Nvidia’s DLSS 3 Likely Won’t be Coming to Older GPUs

Gaming
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At this week’s GTC, Nvidia unveiled its much-anticipated “Ada Lovelace” RTX 40-series GPUs. The keynote included several headline-grabbing claims. One of those claims was an “up to 4X” uplift in RTX performance in some games compared with the RTX 3090 Ti. This is made possible by the company’s latest iteration of Deep Learning Super Sampling, aka DLSS. Now on its third iteration, DLSS 3 is only coming to the RTX 40-series GPUs. This wasn’t specifically mentioned in the keynote, to the best of our recollection, but has since been revealed via the company’s website. However, since previous Nvidia GPUs were able to run earlier versions of DLSS, why can’t they run DLSS 3? As it turns out, they probably can—just not very well.

The big innovation with DLSS 3 is it’s capable of predicting entire frames instead of just pixels. It’s able to do this thanks to advances in the GPU’s optical flow accelerator. This technology tracks the flow of pixels and has apparently been in Nvidia GPUs since Turing. However, in Ada Lovelace, it’s able to predict and construct entire frames. That’s possible because it can access pixel-level information not included in game-engine motion vector calculations, such as shadows, lighting, reflections, and particles. By using the game’s motion vectors and its optical flow analysis, it’s able to predict geometry and effects. This allows it to reconstruct 7/8ths of displayed pixels, according to Nvidia, which has obvious benefits to performance since they’re not being rendered with “brute force.”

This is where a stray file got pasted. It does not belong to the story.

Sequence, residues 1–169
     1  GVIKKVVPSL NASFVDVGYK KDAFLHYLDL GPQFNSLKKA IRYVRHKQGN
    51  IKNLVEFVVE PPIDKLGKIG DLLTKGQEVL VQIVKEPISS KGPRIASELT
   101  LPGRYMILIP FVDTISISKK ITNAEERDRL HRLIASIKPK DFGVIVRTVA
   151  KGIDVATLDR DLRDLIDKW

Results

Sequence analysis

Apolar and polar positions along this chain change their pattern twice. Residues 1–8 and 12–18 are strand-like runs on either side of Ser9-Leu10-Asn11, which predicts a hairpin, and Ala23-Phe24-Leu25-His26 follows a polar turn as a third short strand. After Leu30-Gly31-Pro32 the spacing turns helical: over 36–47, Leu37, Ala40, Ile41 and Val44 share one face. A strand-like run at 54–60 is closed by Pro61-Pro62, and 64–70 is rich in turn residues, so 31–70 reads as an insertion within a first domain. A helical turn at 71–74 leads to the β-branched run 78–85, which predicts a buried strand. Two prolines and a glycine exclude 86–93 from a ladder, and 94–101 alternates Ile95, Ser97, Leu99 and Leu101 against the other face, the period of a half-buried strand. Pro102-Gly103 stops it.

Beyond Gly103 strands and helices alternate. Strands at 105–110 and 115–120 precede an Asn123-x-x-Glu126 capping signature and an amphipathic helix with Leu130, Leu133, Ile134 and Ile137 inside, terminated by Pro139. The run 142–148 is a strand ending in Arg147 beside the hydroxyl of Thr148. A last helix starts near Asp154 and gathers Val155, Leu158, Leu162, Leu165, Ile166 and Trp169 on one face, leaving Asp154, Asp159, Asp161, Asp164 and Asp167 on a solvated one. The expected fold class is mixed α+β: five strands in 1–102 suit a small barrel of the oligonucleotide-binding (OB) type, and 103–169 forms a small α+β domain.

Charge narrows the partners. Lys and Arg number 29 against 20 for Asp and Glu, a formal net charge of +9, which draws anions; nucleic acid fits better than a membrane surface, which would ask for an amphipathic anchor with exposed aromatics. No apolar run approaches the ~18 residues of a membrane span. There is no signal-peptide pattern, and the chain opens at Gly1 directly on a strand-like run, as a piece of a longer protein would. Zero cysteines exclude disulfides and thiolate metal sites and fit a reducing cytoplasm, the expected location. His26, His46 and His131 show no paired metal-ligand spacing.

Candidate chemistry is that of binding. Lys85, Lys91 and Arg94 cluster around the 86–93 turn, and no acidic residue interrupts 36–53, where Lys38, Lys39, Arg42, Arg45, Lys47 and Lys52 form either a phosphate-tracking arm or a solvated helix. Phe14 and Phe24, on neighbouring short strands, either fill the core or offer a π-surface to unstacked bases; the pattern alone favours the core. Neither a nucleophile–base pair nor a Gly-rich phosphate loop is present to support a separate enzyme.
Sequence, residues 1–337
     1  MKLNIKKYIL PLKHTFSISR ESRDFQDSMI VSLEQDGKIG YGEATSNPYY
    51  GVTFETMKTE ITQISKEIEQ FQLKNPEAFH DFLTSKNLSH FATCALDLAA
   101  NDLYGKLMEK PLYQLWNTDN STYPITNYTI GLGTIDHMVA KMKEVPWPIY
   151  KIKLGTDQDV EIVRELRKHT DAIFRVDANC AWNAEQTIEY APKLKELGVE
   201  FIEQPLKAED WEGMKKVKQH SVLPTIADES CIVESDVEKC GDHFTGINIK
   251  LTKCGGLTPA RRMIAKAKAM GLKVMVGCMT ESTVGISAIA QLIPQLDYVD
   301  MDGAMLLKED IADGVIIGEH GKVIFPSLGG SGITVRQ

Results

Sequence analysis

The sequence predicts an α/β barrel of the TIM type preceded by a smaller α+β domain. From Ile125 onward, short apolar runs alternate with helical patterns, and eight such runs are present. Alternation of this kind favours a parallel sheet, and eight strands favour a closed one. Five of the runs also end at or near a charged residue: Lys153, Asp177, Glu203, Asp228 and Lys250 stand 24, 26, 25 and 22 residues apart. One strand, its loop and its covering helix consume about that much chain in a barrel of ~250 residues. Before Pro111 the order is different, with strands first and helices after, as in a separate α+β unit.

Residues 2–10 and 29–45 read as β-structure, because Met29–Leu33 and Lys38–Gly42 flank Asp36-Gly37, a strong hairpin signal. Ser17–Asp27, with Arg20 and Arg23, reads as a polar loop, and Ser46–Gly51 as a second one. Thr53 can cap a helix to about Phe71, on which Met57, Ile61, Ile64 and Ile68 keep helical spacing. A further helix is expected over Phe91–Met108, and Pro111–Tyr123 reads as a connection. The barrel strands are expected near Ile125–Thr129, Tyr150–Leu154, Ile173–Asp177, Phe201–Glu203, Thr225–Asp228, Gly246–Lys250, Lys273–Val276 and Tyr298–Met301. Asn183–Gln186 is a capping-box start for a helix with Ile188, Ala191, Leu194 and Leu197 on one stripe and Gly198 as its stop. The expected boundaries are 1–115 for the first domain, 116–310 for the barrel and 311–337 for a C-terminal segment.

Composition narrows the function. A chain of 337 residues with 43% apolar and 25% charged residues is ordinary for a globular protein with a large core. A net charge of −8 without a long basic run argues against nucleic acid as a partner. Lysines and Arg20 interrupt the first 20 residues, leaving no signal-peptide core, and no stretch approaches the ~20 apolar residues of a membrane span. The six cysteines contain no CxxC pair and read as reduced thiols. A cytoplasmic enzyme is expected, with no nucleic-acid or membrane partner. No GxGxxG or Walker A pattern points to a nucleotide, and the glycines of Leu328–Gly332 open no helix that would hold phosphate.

Nvidia’s “benchmarks” showing next-generation DLSS performance. (Image: Nvidia)

However, none of this answers the question as to why that’s not possible with Ampere or Turing’s Tensor Cores. The answer comes from Bryan Catanzaro, who is a VP of Applied Deep Learning Research at Nvidia. He was asked on Twitter why it’s only possible on Ada, but not Ampere. His answer was pretty straightforward. He wrote, “DLSS3 relies on the optical flow accelerator, which has been significantly improved in Ada over Ampere—it’s both faster and higher quality.” This sounds like the Tensor Cores built into Ada are more powerful, and the flow accelerator is as well.

All that said, couldn’t it still boost frame rates on older GPUs? Catanzaro’s answer is pretty clear in that it would work, but not well. When asked why not just let customers try it anyway, he wrote, “Because then customers would feel that DLSS3 is laggy, has bad image quality, and doesn’t boost FPS.”

Though it might sound like a marketing move, it seems like there’s some truth to what he’s saying. For example, the optical flow accelerator (OFA) is apparently up to 2.5 times faster than that in Ampere, according to Tom’s Hardware. This likely means that even if you could run DLSS 3 on Ampere or Turing, it wouldn’t run well, or look good. This is reminiscent of when Nvidia launched RTX for owners of older GeForce GTX cards. It ran, sure, but it wasn’t fast.

Obviously, Nvidia is using the exclusivity of DLSS 3 as a reason to buy a 40-series GPU. However, that doesn’t mean DLSS 3 will forever be unobtainium for those with older GPUs. It is theoretically possible the company could continue to iterate on DLSS 3 to make it run faster on older hardware. It has zero incentive to that today, but a year from now things could change. For now, people who run one of the 35 games that will support DLSS 3 will have to run it on the older version—which is still quite impressive.

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